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Automatically Extending Excel Chart Series' Ranges For Next Year

By Chris Newman •  Updated: 11/21/14 •  6 min read
Automatically Extending Excel Chart Series’ Ranges For Next Year

It’s That Time Of Year Again!

For most of us, the months of November and December are spent preparing our spreadsheets for next year.  If you have historical graphs in your spreadsheets, adjusting your series ranges to include space for next year's numbers can be quite a pain (especially if you have a ton of graphs to adjust).  

This year I decided to bite the bullet and take some time to develop a VBA macro that can do these mind-numbing tasks for me and I will admit I threw a big fist pump into the air at my desk once I ran this code for the first time.  Oh, how I love automation!!!

The Problem

Below is an example data set where I have my graphs set up for the years 2013-2014.  I want to prepare them for next year and include space for 2015's numbers (when they get reported).  With the code I wrote, I can simply run my macro, tell it how many cells I want to extend it to, and all the chart series in the worksheet are automatically extended!

Automatically-Extending-excel-chart-series-Ranges-For-Next-Year-7

The VBA Code

Sub Chart_Extender()

'PURPOSE: Extend horizontally all Chart Series in ActiveSheet by X number of columns (can decrease as well)
'SOURCE: www.TheSpreadsheetGuru.com

Dim Rng_Extension As Integer
Dim Series_Formula As String
Dim StartPoint As String
Dim EndPoint As String
Dim CommaSplit As Variant
Dim ColonSplit As Variant
Dim grph As ChartObject
Dim ser As Series

'Determine the length of the extension (in cells)
  On Error GoTo BadEntry
    Rng_Extension = InputBox( _
      "How many cells do you want to extend your chart's series?", _
      "Chart Extender")
  On Error GoTo 0
    
'Loop Through Each chart in the ActiveSheet
  For Each grph In ActiveSheet.ChartObjects
    For Each ser In grph.Chart.SeriesCollection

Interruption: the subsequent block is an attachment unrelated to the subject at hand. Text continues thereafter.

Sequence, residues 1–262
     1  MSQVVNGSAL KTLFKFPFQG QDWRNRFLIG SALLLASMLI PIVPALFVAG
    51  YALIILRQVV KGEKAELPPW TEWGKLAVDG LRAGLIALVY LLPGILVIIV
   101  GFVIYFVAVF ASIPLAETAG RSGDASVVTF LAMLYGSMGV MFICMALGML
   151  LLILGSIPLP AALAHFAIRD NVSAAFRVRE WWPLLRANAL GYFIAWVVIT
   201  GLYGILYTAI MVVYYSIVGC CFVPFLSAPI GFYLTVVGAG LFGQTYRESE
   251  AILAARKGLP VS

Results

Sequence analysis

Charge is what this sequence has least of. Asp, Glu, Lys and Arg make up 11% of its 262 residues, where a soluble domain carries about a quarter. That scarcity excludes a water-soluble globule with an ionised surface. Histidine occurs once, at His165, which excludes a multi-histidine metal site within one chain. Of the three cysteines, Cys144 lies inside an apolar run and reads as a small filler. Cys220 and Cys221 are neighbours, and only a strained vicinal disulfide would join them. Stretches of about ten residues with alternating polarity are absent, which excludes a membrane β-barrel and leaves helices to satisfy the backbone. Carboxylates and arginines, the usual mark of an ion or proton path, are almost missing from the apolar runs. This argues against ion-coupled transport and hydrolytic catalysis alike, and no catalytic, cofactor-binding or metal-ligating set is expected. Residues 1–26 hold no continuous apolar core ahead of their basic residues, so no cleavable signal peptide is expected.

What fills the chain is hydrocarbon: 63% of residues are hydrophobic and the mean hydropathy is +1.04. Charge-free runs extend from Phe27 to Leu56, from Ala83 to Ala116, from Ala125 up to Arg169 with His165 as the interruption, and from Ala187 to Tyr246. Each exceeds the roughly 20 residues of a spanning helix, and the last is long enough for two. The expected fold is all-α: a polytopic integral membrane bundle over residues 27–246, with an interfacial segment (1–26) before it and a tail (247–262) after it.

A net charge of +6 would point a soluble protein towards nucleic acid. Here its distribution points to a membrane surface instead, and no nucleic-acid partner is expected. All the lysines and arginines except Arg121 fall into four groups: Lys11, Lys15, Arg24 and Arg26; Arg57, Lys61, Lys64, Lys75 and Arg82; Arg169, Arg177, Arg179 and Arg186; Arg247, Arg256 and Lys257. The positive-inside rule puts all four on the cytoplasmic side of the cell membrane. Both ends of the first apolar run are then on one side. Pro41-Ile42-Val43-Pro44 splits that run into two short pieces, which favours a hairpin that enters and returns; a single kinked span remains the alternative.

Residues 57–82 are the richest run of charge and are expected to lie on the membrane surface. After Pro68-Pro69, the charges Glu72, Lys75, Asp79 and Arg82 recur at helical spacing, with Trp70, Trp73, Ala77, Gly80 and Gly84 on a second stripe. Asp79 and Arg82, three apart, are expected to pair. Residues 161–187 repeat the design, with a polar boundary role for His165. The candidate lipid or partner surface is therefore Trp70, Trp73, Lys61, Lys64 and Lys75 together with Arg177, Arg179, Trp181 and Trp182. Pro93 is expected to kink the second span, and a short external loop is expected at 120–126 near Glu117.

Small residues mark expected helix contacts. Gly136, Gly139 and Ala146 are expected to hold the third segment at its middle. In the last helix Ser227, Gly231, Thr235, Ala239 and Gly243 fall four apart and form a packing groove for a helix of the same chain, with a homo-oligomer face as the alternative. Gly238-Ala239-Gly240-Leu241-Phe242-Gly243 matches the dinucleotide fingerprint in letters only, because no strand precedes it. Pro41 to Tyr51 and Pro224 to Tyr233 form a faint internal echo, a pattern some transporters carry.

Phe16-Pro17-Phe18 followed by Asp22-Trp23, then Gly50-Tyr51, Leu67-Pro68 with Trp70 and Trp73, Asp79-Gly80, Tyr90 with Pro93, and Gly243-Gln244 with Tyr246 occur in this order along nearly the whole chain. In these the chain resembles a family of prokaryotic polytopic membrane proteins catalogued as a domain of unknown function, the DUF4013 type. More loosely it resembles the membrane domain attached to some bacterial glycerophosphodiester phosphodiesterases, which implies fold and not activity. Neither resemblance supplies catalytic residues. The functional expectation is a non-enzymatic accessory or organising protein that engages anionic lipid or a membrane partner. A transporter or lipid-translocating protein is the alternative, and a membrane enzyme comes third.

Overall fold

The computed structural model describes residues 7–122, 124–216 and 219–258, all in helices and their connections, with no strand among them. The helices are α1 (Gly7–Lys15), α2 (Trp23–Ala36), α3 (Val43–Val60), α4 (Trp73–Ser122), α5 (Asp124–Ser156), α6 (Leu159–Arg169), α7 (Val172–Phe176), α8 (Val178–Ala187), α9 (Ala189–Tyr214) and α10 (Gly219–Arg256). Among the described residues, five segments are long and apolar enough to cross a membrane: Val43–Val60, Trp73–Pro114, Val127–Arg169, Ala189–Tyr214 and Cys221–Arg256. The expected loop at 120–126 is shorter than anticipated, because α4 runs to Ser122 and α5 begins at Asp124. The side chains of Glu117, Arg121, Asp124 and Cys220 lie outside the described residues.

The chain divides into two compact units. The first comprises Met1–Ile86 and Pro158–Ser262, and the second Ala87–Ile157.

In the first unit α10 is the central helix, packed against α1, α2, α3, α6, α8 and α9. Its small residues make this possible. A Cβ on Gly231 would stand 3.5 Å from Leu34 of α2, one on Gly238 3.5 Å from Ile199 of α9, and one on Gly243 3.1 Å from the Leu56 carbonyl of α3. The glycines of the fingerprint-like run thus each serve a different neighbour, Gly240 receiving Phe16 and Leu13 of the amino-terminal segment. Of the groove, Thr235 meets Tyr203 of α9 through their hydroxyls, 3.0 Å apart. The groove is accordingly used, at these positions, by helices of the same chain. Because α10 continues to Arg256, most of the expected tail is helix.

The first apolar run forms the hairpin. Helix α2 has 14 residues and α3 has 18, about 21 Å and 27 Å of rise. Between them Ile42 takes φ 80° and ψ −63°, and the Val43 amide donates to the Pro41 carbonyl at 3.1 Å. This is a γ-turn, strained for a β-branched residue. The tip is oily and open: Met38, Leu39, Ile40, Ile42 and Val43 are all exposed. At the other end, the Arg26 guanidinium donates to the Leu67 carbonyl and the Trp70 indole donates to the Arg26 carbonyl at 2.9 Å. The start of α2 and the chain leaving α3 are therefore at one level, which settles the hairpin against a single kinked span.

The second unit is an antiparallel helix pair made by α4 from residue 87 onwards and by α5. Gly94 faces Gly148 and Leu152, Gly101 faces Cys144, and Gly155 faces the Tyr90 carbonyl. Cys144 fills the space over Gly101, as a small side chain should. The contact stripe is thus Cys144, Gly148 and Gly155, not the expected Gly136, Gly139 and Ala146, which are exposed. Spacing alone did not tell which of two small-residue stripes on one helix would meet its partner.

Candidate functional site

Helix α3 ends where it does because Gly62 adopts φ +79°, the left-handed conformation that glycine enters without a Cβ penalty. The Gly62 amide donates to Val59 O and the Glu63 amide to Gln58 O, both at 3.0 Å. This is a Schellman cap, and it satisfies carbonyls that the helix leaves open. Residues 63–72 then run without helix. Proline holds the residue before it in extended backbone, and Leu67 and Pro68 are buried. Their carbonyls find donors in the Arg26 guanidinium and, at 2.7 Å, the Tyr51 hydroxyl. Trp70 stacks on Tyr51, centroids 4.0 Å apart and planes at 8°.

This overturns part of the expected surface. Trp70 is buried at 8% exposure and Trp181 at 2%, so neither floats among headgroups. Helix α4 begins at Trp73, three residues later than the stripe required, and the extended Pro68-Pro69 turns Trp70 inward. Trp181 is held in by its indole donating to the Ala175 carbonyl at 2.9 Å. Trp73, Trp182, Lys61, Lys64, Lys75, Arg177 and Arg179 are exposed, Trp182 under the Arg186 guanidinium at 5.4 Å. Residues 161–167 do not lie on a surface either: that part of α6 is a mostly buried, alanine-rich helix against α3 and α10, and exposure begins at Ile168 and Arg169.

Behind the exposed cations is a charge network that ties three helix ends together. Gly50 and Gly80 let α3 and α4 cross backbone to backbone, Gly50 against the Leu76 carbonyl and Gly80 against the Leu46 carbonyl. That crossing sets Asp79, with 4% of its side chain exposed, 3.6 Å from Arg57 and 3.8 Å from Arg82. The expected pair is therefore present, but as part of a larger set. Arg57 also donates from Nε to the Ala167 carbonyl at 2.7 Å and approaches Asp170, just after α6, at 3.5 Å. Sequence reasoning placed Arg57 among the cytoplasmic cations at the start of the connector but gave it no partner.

'Test to make sure not XY Scatter Plot Series
        If ser.ChartType <> 75 Then
          'Get range of series
            Series_Formula = ser.Formula
            
          'X Axis Values
            CommaSplit = Split(Series_Formula, ",") 'Delimit by comma
         
            ColonSplit = Split(CommaSplit(2), ":")  'Delimit 3rd part by colon
           
            StartPoint = ColonSplit(0)  'Starting Point of Range
            
            EndPoint = ColonSplit(1)    'Current Ending Point Range
            
            EndPoint = Range(EndPoint).Offset(0, Rng_Extension).Address 'Extended Ending Point Range
            
            ser.Values = StartPoint & ":" & EndPoint 'Combine Start and End Point & Set Series = To It
        
          'X Axis Labels
            If CommaSplit(1) <> "" Then
              ColonSplit = Split(CommaSplit(1), ":")  'Delimit 3rd part by colon
             
              StartPoint = ColonSplit(0)  'Starting Point of Range
              
              EndPoint = ColonSplit(1)    'Current Ending Point Range
              
              EndPoint = Range(EndPoint).Offset(0, Rng_Extension).Address  'Extended Ending Point Range
    
              ser.XValues = StartPoint & ":" & EndPoint 'Combine Start and End Point & Set Series = To It
            End If
        End If
    Next ser
  Next grph

'Completion Message
    MsgBox "Your chart has been Extended by " & Rng_Extension & " positions."

Exit Sub

'Error Handling
BadEntry:
  MsgBox "Your input must be a whole number, aborting", vbCritical, "Improper Entry"

End Sub

How Does It Work?

What the code does is loop through each chart series within a particular graph and then isolates the Series Formula. An example of what this formula might look like is shown below.

Automatically Extending excel chart series

The code then takes this string and does a few delimited splits to single out the start and end cells of the two ranges highlighted in the above image (X-Axis and Data ranges).

The macro then uses the Offset function to expand or contract the chart range; essentially finding a new endpoint for the range.  Once the new endpoint is found, the Series formula is then reassembled and given back to the chart!

Different Scenarios

I also went ahead and wrote code to handle two additional scenarios

  1. Only extend the ActiveChart
  2. Extend every chart in the entire ActiveWorkbook

Download Example Excel File

If you would like to see how I wrote both of these macros and also test all three of them out, you can download the sample workbook I showed above in the animated GIF image.

If you would like to get a copy of the Excel file I used throughout this article, feel free to directly download the spreadsheet by clicking the download button below.


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Chris Newman

Chris Newman

Chris is a finance professional and Excel MVP recognized by Microsoft since 2016. With his expertise, he founded TheSpreadsheetGuru blog to help fellow Excel users, where he shares his vast creative solutions & expertise. In addition, he has developed over 7 widely-used Excel Add-ins that have been embraced by individuals and companies worldwide.